39. Another great post even better than yesterdays. Loved the photos especially the one with Hanno and your grand baby and the biscuits look yum. I long for the simple life. Jodie.

  40. My goodness :) very well put!
    I was a daycare provider for 16 years and I could see how torn some of the Moms were.

  41. Whew--what a great post, Rhonda! So well said. I have been spending a really ridiculous amount of time lately using my Christmas-present-from-kind-husband iPad to download old Good Housekeeping (as in, 1880-1915 era) mags from GoogleBooks. They're FASCINATING. They constantly make this point -- that women (or men, too, nowdays!) really make monetary contributions to the family by running the household well and taking their contributions seriously.

    As someone above pointed out, of course, it makes us nervous to say this sometimes b/c we're afraid we'll sound sexist (and I'm here to say that some of those articles were anti-women's suffrage), but your excellent point remains.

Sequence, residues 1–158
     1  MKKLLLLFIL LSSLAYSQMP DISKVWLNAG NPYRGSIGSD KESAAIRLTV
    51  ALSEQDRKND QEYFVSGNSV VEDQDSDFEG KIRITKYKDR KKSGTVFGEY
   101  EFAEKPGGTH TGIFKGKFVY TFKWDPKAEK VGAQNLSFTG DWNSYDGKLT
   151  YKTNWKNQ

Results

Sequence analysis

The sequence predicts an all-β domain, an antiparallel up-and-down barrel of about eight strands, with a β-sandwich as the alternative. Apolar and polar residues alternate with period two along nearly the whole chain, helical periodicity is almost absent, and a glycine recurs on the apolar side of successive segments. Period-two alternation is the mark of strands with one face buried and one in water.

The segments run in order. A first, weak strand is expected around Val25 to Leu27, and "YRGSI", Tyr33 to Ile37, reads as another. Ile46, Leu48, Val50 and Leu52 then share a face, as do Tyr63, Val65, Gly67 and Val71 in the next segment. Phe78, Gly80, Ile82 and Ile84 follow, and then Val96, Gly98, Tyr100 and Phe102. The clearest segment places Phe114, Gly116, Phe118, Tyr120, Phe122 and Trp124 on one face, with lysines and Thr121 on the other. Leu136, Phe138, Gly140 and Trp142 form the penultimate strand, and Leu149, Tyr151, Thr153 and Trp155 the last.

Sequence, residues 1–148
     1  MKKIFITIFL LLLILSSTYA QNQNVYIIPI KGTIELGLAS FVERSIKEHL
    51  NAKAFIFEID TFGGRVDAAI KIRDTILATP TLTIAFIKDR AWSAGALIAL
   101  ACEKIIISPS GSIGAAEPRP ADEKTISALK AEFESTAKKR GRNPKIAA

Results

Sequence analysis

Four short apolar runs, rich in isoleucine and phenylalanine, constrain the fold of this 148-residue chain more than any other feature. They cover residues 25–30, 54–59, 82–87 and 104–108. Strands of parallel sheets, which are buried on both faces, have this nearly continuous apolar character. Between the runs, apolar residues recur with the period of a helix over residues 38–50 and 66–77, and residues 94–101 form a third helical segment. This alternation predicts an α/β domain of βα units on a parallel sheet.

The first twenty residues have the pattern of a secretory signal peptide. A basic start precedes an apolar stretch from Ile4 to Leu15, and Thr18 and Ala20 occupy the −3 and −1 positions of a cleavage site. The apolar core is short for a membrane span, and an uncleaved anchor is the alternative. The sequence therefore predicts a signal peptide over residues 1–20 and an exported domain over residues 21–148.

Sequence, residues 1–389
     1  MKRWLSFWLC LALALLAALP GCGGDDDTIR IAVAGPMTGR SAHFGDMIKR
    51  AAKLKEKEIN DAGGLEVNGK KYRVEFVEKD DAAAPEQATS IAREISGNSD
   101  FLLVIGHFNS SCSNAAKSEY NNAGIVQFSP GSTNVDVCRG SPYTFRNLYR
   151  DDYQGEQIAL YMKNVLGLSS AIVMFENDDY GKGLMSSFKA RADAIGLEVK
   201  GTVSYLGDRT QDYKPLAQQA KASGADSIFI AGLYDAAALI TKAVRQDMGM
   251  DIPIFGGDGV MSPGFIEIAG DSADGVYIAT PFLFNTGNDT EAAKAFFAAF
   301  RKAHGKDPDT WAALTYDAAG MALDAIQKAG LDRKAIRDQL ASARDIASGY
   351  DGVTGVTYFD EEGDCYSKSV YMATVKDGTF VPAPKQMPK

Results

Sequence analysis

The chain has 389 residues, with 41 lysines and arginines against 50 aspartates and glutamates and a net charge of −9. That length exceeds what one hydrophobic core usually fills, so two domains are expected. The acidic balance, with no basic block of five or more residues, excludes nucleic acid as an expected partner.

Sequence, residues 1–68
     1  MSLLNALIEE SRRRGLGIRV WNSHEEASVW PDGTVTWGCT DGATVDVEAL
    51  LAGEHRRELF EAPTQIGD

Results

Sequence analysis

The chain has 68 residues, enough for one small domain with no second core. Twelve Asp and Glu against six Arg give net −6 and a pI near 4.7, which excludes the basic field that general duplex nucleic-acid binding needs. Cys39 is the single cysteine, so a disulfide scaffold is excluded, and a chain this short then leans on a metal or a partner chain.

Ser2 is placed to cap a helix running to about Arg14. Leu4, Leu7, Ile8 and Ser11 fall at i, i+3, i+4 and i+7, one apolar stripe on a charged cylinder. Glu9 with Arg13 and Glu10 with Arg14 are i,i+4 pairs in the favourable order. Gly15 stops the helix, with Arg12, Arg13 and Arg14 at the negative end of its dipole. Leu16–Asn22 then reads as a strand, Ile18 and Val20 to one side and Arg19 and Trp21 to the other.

Thanks for your always excellent and thoughtful writing.


  42. Such a timely post Rhonda! It really made me smile today, you haven no idea. :) Where I live we get a lot of critics for my choice to be a homemaker, and I've heard so much about "contributing financially" and being "dependent on my husband" etc. We really are a team, but sometimes you forget when others see you in a degrading light. Today I made a fresh batch of yoghurt, picked up some oxtail bones from our local butcher for stew with yorkshire pudding, and I don't feel miserable at all. :D Thank you for this encouraging post. It's a great reminder that there ARE others out there. :)Well, the garden is calling, so I must go.
    Thanks again for posting.
    The Girl in the Pink Dress

  43. I wholly agree with your two posts, Rhonda. But I do have a question: For those women who have never worked outside the home, how do they accumulate any sort of retirement nest egg to protect themselves in the event of a (heaven forbid!) divorce? I love my husband dearly - divorce was never in either of our minds - and thankfully, we are both at an age where we have retirement income coming in, but I'm just wondering how younger women might prepare themselves just in case they are unexpectedly left alone without job experience or income if there were a divorce. My husband and I pool all our money (not a huge amount, you understand), so I've never thought about my having a separate savings account. What is your take on such a situation as I've posed?